Among the earliest residents of the region were two groups of Athabascan natives: the Dena’ina, who came from the west, across the Alaska Range and settled the lower valley near Cook Inlet’s Knik Arms and the Ahtna, who migrated down the Matanuska River’s upper valley from the Copper River region to the east. In small groups, the enterprising Athabascans moved extensively throughout the area, developing a highly successful culture of subsistence and trade with other regions.
Evidence suggests that Russian hunters and traders were in the area prior to Captain James Cook’s exploratory voyage that gave the inlet its name in 1778. They traded with seafaring natives for pelts of sea otters and other marine mammals, and with inland peoples for upland furs, copper, fish and other goods. A Russian trading post operated for a time near the confluence of the Knik and Matanuska Rivers several miles southwest of present-day Palmer. While the Russians established settlements in the lower Cook Inlet, there is no evidence they attempted to do so in the Matanuska Valley.
With the collapse of sea otter populations and the lucrative trade in their fur coinciding with expensive wars and political strife at home, the Russians sold off their claim to Alaska in 1867. The United States paid two cents per acre for that claim to 586,400 square miles of mostly unexplored land.
Interest in fur trading continued after the U.S. took control. The Russian American Trading Company operations were taken over by the Alaska Commercial Company and other small trading companies established themselves over the years around Cook Inlet. Trappers and prospectors were drawn to the area, encouraged by the abundance of game and tantalizing gold flakes in local streams. A network of trails developed throughout the valley, improving and expanding upon those created by the Natives long before.
Significant gold deposits were discovered in 1897 on Willow Creek in the Talkeetna Mountains of the valley’s northern rim. The small town of Knik on the northwest shore of Knik Arm became the supply center for mines that developed from that strike and other gold discoveries further north. At the turn of the century, with a population approaching 500, Knik was the commercial and social center of the valley, where traders provided goods from “outside” in exchange for furs and gold, and Natives prospered by trading and guiding prospectors and explorers.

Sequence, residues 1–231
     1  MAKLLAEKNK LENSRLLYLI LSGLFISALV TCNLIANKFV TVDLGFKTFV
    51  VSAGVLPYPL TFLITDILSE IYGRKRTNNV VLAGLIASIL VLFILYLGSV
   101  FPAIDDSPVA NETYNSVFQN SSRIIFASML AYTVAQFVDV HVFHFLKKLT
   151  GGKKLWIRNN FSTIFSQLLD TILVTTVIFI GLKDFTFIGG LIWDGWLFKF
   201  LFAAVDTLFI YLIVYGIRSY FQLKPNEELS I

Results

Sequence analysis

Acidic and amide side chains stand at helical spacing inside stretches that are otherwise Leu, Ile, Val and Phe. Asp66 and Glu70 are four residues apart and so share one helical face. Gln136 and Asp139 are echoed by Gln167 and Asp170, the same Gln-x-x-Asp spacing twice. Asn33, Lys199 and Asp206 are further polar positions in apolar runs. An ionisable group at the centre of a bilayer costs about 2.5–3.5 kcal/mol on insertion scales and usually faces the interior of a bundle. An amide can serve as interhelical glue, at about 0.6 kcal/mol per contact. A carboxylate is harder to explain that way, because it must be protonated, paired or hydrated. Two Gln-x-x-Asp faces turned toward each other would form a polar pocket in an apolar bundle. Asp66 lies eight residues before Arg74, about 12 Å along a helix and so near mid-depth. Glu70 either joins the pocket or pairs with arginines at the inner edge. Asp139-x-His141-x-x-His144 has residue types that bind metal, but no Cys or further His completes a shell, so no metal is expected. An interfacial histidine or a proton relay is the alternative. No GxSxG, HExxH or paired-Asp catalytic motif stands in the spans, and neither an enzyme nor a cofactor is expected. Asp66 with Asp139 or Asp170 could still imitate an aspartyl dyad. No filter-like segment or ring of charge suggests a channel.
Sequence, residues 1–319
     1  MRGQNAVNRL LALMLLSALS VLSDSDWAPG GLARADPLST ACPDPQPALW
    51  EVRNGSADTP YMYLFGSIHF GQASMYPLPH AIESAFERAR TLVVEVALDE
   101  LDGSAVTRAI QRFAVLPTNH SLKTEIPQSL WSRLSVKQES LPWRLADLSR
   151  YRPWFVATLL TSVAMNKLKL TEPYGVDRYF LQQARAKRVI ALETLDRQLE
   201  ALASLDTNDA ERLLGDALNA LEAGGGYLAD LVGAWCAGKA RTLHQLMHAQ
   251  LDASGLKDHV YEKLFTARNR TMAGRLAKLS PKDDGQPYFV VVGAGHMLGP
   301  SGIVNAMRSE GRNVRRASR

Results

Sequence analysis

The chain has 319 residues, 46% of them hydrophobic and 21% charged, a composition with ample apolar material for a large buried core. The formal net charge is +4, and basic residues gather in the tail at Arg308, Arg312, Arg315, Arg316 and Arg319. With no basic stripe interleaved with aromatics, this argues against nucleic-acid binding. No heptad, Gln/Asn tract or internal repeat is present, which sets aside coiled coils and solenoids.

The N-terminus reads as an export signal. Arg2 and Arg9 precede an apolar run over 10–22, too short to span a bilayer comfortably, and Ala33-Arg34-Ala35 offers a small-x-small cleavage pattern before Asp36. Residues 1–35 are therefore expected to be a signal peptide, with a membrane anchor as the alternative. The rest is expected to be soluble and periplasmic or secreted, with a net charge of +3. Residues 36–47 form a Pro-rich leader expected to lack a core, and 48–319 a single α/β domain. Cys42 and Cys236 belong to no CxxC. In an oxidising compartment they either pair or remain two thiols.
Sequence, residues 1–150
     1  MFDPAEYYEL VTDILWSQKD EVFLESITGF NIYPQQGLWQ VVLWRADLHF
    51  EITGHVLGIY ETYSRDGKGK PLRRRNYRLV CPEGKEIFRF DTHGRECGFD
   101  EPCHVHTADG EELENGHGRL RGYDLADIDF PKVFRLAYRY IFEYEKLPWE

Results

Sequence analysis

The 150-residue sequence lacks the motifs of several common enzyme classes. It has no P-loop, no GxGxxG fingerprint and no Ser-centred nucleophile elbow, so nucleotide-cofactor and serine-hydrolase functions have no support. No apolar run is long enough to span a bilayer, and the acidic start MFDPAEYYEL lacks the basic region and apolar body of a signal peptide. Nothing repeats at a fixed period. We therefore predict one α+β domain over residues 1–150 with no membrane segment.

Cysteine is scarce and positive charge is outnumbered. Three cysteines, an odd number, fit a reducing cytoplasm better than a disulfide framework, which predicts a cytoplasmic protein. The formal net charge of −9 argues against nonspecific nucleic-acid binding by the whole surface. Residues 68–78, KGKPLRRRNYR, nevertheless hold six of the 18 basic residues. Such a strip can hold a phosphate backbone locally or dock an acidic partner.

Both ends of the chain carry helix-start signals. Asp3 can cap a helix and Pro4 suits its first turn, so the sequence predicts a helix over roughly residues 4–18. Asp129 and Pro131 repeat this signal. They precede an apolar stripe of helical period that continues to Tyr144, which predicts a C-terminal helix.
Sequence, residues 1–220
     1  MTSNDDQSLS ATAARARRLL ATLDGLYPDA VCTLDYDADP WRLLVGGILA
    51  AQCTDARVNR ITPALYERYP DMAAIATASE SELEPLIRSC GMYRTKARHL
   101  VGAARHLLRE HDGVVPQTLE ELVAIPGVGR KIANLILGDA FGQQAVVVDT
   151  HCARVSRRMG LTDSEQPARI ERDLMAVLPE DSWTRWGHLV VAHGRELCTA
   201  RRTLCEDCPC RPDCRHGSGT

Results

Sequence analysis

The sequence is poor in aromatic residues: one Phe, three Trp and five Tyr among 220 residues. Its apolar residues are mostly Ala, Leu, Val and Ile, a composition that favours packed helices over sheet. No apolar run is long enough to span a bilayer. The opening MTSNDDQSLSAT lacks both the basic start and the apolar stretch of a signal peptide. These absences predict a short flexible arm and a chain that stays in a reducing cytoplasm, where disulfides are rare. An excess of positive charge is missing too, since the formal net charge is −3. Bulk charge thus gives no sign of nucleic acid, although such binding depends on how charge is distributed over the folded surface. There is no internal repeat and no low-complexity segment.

One of the prominent valley traders was George W. Palmer who arrived in the area in 1893 and took over operation of the existing Alaska Commercial Company trading post at Knik. He would subsequently open his own store there, become the postmaster and enter into numerous other commercial ventures in the area. Palmer observed that the Matanuska River to the east of Knik was an important travel route used by Ahtna Natives. So, not far from where a town would one day develop and adopt his name, he established an unmanned post on the bank of that river, stocked it with goods, provided a price list and left it to the honesty of his clientele to conduct trade. Apparently, it was a success for many years.
Prospectors found coal as well as gold in the area. The U.S. Navy became interested in the high quality coal deposits of the Matanuska River valley to fuel their pacific Fleet. As railroad construction passed through the valley in 1914-1915 on its way from Seward to Fairbanks, a branch line was constructed up the Matanuska River to access that coal. The community “Matanuska” developed at the branch line junction.
A section house and siding were built on the line about five miles north of Matanuska junction and central to numerous homesteads. Soon, a fledgling community began to form around a small depot, a store, and in 1917, a post office. Establishment of the post office triggered a need for an official name. Initially called “Warton” it would later adopt the name “Palmer” in honor of the prominent valley trader.
Encouraged by the success of garden vegetables and hay crops produced by early homesteaders and others, the U.S. Department of Agriculture established an experimental station near Matanuska in 1917 to explore the potential for greater agricultural development in the valley. The railroad encouraged settlers to take up homesteads in the valley. Between 1929 and 1934, railroad representatives recruited some 55 farm families from “the States” to move here.
As the Great Depression forced destitute farm families onto government relief rolls, the Roosevelt administration began a resettlement program as part of their “New Deal.” In 1935, the largest of these resettlement projects moved approximately 203 young families from rural Minnesota, Michigan, and Wisconsin to the Matanuska Valley. Because of railroad access, available land, good soil and encouraging history of agriculture in the area, the little town of Palmer was chosen to the cultural and economic center of this new agricultural colony.
While the government’s “colony” was short lived, the community grew. The roads, power distribution, telephone system, schools and other social and economic development evidenced today in the Palmer rea largely began with that government program.